I have loved to write for as long as I can remember, and I’ve had different writing projects going since high school. I wrote for a long time before I got published. Today, I work as a freelance marketing writer, and my absolute dream is for fiction writing to be my full-time job. Maybe quitting my freelance job can be my adventurous thing to do!
3 – Tell us about The (or A) Book That Changed Your Life. (Why?)
I would have to say it’s Outlander. My mother-in-law gave me a copy of it years ago before a long plane ride where I had nothing else to read, and I was completely swept away! Outlander was one of the books that reconnected me with the pleasure of reading, and the delights of genre fiction, and most importantly, it introduced me to romance, which has improved my life 1000%.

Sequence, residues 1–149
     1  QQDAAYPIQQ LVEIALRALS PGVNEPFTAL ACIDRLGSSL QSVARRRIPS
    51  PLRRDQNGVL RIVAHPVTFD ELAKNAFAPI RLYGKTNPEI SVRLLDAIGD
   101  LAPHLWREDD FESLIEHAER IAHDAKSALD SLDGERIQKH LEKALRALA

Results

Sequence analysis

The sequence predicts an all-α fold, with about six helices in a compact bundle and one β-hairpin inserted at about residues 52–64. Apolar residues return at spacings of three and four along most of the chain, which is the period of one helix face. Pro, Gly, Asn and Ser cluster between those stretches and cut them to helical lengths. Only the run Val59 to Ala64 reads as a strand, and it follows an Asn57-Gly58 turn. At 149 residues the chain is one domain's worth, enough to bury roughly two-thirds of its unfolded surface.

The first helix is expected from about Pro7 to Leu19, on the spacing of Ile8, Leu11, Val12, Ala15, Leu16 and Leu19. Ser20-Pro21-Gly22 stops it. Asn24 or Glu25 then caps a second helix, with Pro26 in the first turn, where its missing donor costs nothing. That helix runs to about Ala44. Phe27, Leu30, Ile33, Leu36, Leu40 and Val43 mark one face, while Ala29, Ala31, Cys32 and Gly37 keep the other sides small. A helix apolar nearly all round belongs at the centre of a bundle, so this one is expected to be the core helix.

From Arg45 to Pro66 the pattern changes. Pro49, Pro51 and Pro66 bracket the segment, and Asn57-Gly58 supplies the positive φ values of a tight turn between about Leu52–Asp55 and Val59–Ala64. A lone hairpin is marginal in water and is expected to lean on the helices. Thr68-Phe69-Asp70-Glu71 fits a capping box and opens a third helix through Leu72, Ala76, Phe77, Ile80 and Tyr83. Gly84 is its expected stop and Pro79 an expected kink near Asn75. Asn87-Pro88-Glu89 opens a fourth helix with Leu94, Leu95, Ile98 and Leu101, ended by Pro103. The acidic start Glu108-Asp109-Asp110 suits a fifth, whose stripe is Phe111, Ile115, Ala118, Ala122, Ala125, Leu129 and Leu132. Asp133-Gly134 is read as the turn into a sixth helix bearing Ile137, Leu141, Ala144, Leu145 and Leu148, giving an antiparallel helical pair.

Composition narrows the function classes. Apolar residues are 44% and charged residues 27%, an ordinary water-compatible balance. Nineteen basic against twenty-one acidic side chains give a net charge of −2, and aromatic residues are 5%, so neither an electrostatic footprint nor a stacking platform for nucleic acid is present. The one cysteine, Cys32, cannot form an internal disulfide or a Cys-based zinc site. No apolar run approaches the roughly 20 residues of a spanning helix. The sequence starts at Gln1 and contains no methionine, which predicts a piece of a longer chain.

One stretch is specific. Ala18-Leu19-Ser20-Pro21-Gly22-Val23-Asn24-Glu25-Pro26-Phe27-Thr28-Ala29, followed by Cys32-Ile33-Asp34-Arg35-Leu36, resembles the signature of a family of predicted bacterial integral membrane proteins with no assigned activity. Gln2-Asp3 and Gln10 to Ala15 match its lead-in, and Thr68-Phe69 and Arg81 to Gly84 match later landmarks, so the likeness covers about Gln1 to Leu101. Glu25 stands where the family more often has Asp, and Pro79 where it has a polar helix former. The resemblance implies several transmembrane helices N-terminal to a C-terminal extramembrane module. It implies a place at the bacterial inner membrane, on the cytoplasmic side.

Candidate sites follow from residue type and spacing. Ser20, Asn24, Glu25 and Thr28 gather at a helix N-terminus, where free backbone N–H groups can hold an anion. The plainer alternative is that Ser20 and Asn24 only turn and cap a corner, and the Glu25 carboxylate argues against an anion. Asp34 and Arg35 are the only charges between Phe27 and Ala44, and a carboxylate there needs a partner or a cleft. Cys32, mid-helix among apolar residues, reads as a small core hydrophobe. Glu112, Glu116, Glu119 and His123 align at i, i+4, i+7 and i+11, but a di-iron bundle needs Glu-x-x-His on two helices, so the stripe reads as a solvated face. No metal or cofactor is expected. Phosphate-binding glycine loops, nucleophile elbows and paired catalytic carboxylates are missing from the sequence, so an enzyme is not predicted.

Carolyn is generously offering 3 copies of her RITA-winning romantic suspense, Off the Edge to U.S. readers (choice of signed print or digital – entry form below) and 3 digital copies for international readers (enter here).
Carolyn Crane is a RITA-winning author of romantic suspense and urban fantasy. She also writes erotic romance about bank robbers as NYT bestselling Annika Martin. She makes her home in Minneapolis with her husband and two cats. *If you wish to receive more information about Ms. Crane and her work she encourages you to check out her website, newsletter, or even to follow her on Twitter or Facebook.